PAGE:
By not being ASCII there are places where that won't render correctly. The point of using ASCII in the way the OP did is to give it the best chance of rendering correctly in a wide range of environments. It may be low fidelity, but given a mono-spaced font it WILL always look the same. Your version is dependent on a LOT more stuff. –  Michael Kohne Sep 15 '10 at 10:51
    
@Michael It is ASCII :D and it works where stackexchange works.. :) But I don't think that they will implement that.. –  Lipis Sep 15 '10 at 18:53
2  
The table is definitely not ASCII. The double-line corners have character codes above 127, and ASCII is a 7-bit encoding, see en.wikipedia.org/wiki/ASCII . –  Gintautas Miliauskas Sep 16 '10 at 10:54
3  
@Gintautas you're right.. but still it works where stackexchange works.. :) Anyways this is not even an answer for this question.. I can easily implement this service and post it as an answer.. because couldn't find anything for it :D –  Lipis Sep 16 '10 at 13:29
    
Have you implemented this service? –  Kevin Vermeer May 9 '11 at 22:20

Found this one while looking for simple circuit diagrams , it is the predecessor

Ascii Paint

You draw and ascii art appears. If you are not good with drawing tables in Word, this might be a bit hard, but it was fun.

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Since the OP specifically says:

It doesn't have to use ASCII (it can be Unicode)

I thought I'd share the link for the (mysql / unicode / html) table generator created by a SE user for use on SE I found on superuser. I found it quite useful to get unicode tables (which I sometimes prefer over the Windows-1252 compatible "ASCII" art). And this tool lets you compare the outputs, as well as getting a HTML formatted table, too.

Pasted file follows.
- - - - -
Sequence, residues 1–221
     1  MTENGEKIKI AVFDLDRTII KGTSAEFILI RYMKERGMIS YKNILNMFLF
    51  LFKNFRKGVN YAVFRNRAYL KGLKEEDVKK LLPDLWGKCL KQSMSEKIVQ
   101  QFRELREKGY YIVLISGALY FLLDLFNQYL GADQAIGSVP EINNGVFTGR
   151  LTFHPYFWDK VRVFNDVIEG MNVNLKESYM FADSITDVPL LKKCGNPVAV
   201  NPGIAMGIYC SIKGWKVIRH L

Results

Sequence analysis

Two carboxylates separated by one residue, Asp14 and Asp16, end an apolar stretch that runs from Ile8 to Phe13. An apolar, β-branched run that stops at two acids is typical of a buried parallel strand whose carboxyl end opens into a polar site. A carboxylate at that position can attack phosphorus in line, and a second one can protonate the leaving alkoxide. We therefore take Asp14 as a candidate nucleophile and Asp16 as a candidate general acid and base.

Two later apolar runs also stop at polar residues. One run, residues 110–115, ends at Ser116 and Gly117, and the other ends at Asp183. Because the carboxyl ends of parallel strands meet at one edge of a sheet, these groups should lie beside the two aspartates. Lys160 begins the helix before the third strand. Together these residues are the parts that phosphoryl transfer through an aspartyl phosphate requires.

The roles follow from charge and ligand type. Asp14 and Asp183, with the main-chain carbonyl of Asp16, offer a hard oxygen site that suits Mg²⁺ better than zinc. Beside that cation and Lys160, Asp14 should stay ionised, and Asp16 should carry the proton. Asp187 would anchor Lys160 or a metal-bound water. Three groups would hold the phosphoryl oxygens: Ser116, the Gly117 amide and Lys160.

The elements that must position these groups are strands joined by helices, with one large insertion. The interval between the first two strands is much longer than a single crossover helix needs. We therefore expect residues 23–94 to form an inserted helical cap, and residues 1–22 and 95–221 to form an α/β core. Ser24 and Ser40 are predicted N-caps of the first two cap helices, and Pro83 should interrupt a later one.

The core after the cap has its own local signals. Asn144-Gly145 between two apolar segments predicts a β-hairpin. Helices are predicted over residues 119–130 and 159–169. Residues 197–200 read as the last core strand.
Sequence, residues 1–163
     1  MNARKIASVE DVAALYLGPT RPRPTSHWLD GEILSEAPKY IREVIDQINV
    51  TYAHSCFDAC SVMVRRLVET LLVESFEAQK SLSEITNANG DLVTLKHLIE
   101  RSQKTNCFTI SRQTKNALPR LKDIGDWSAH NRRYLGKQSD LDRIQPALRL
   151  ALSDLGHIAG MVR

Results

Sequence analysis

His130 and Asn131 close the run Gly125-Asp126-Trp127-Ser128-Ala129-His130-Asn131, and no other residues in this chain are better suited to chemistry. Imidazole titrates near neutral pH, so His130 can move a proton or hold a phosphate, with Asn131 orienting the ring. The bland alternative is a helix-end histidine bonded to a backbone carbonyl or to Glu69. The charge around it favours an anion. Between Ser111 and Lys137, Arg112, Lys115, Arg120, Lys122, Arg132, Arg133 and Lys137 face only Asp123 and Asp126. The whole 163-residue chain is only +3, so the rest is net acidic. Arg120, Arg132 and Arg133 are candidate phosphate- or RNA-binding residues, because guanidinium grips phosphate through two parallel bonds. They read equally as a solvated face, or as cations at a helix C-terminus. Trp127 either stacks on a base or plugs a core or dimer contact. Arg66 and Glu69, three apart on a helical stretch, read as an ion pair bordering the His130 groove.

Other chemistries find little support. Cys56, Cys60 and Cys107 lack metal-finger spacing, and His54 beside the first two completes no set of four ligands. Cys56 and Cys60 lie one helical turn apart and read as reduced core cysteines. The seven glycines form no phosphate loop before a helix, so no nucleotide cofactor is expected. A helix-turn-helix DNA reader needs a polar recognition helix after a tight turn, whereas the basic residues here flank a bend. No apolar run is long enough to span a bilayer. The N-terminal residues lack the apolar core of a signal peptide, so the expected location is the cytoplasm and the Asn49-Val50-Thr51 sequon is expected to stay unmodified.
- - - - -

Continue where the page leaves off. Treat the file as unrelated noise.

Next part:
Example to show my workflow:
I'm making a web app for my bookkeeper to calculate sales tax and I am doing math on months and quarters so that the tool always automatically displays "last quarter's sales tax info". Since I'm always thinking of arrays starting with 0, I needed to embed a simple table outlining the months in each quarter to keep the values sorted in my head.

1) To get the table started, I used this generator (listed on both this and the other QA) with its Excel-like input interface to actually create the data, as the unicode tool wants pre-formatted text. I type in the values then select them and CTRL-C to get my tab delimited table:

Quarter Numbers Names
Q1  1, 2, 3 Jan, Feb, Mar
Q2  4, 5, 6 Apr, May, Jun
Q3  7, 8, 9 Jul, Aug, Sep
Q4  10, 11, 12  Oct, Nov, Dec

2) went to senseful's generator and pasted into the input area. I played with each of the 3 options and I liked the Unicode Art option the best:

╔═════════╦════════════╦═══════════════╗
║ Quarter ║  Numbers   ║     Names     ║
╠═════════╬════════════╬═══════════════╣
║ Q1      ║ 1, 2, 3    ║ Jan, Feb, Mar ║
║ Q2      ║ 4, 5, 6    ║ Apr, May, Jun ║
║ Q3      ║ 7, 8, 9    ║ Jul, Aug, Sep ║
║ Q4      ║ 10, 11, 12 ║ Oct, Nov, Dec ║
╚═════════╩════════════╩═══════════════╝

Note that for the table to show up correctly on a web page, the character set must be specifically set for UTF-8:

<meta content='text/html; charset=UTF-8' http-equiv='Content-Type'/>

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You know that the accepted answer is the tool you suggest and it is posted by the author you mention, right ? :) –  Gaby Apr 6 at 10:07
    
yes... between this and another answer, I wanted to show my workflow, since either by themselves didn't help my situation and would have required transcribing the whole table. Together, I didn't need to type all that info in by hand. –  Chris K Apr 10 at 20:28